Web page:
C. Keating Bowie, 92, city corporate lawyer

July 01, 2005|By Frederick N. Rasmussen | Frederick N. Rasmussen,SUN STAFF

C. Keating Bowie, a retired Baltimore corporate lawyer and former chairman of the board of trustees of the Enoch Pratt Free Library, died of cancer yesterday at Gilchrist Center for Hospice Care. He was 92.

Mr. Bowie was born in Baltimore, the son of a lawyer, and was raised on Calvert Street and in Guilford. He was a 1932 graduate of Gilman School and earned a bachelor's degree in economics in 1936 from Princeton University.

After graduating from Harvard Law School in 1939, Mr. Bowie returned to Baltimore and joined Bowie and Burke, his father's law firm, which later became Bowie, Burke and Leonard.

From 1942 to 1943, he served as an assistant city solicitor, and during the 1940s he served on the boards of the Legal Aid Society and the Peale Museum.

For several years, he worked for the Baltimore law firm of Miles & Stockbridge before being named a partner in 1968 of the firm of Cable, McDaniel, Bowie and Bond, now McGuire Woods LLP.

"He was an extremely good corporate lawyer and was respected and well-known throughout the legal community. He was very precise and thorough and everything had its place," said John E. McCann, a retired law partner.

"He wasn't shy - remember he'd been a wrestler at Gilman and Princeton - and was a very aggressive lawyer. He was outspoken, and you never had to worry about where he stood.

"He was always open to new ideas and he would patiently listen. Sometimes he'd go your way; but most of the time we went his way," Mr. McCann said.

Mr. McCann described Mr. Bowie as "old-fashioned and very proper," recalling how "he always addressed everyone in the office as `Mr., Mrs. or Miss,' no matter who you were."

From 1955 to 1986, Mr. Bowie lived on Merryman Court in Roland Park, and also at Evergreen Farm in Oxford, which overlooks the Choptank River.

"He and his wife would host outings for the staff and their families - including children - at their farm and they were always so enjoyable," Mr. McCann said.

Although he retired in 1986, Mr. Bowie continued to maintain an office in the firm's Blaustein Building headquarters in downtown Baltimore.

During the 1960s, Mr. Bowie had served as an adviser on housing matters to Baltimore Mayor Theodore Roosevelt McKeldin and was appointed by Gov. J. Millard Tawes to head the 10-member Commission on the Revision of the Corporate Laws of Maryland in 1965.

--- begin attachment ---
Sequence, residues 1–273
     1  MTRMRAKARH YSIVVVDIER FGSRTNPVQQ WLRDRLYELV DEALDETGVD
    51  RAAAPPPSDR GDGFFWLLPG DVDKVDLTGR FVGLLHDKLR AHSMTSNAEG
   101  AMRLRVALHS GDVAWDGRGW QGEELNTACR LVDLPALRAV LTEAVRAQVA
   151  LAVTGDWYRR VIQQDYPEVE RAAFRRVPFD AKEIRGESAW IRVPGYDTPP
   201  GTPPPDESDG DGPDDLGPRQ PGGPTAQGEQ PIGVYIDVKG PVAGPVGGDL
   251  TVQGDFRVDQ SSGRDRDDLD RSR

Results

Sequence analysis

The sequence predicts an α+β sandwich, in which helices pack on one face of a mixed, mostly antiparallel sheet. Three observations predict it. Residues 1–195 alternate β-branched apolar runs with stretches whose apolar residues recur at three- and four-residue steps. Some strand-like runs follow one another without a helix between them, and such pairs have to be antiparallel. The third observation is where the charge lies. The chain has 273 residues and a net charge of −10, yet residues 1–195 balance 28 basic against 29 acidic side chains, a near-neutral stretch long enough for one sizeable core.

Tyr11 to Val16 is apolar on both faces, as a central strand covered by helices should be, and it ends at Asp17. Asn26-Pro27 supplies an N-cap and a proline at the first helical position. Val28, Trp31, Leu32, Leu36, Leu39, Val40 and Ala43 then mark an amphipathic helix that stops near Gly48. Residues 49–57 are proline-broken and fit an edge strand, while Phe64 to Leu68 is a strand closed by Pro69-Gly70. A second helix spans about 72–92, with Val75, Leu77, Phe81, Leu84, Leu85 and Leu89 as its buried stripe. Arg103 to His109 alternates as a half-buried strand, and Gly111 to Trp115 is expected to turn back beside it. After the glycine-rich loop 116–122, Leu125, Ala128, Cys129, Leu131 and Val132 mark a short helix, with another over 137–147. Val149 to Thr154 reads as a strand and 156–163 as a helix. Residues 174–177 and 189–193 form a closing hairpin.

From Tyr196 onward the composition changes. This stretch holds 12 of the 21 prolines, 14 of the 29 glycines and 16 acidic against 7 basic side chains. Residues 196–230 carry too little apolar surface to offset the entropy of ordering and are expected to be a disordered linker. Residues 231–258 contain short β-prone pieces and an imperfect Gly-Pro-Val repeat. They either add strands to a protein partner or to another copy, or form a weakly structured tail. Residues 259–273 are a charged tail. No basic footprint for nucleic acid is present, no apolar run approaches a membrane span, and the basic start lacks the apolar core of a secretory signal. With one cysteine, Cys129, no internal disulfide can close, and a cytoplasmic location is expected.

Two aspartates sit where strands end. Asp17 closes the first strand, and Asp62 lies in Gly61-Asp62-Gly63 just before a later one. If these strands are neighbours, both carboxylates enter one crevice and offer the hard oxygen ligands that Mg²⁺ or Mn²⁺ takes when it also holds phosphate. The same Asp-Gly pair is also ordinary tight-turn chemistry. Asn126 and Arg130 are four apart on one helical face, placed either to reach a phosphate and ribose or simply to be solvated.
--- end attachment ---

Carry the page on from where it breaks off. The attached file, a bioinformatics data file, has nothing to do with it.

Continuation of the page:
Perhaps Mr. Bowie's most enduring association was that with the Pratt Library, which began in 1947 when he was named a trustee. For the next 31 years, until stepping down as board chairman in 1978, he served as board secretary and vice president and a variety of other positions.

In 1966, the Peabody Library was placed under the Pratt's aegis, and as president of the board at the time, Mr. Bowie played a key role in raising money for the renovation of its building and collection, which also included air conditioning the library's rare book room. He was also on the library's board when the state library system was established.

"He was such a supporter of the library, and it's difficult to hear of his death," Dr. Carla D. Hayden, Pratt director, said yesterday. "He was committed to literacy as opportunity and libraries as a place for people to realize their potential."

Although Mr. Bowie had stepped down from the board 27 years ago, he continued to offer his advice to library officials.

"He continued attending library events and was still doing it well into this year. He'd come to book and author signings because he wanted to show his support," Dr. Hayden said.

"And as a veteran trustee, he was helpful in giving me the historical perspective on some issues that were long standing. And it was important for me to hear what happened in the 1950s and 1960s," she said.

Mr. Bowie, who had a lifelong interest in Maryland history and early maps of the Chesapeake Bay, had served on the boards of the Talbot County Library and Talbot County Historical Society. He was a former member of Seventh Baptist Church at North Avenue and St. Paul Street.

He was a member of the Maryland Club, Elkridge Club and the Hamilton Street Club.

Earlier this year, Mr. Bowie and his wife of 51 years, the former Alice T. Forbes, who had been an Evening Sun reporter and woman's page editor, moved to the Brightwood retirement community in Lutherville.

Services for Mr. Bowie will be held at 11 a.m. tomorrow at St. David's Episcopal Church, 4700 Roland Ave.

In addition to his wife, Mr. Bowie is survived by two sons, C. Keating Bowie III of St. Michaels and Walter W.W. Bowie of Still Pond; two daughters, Elizabeth Bowie, a Sun reporter, of Ruxton and Helen B. Campbell of Towson; a brother, Robert R. Bowie of Towson; and five grandchildren.

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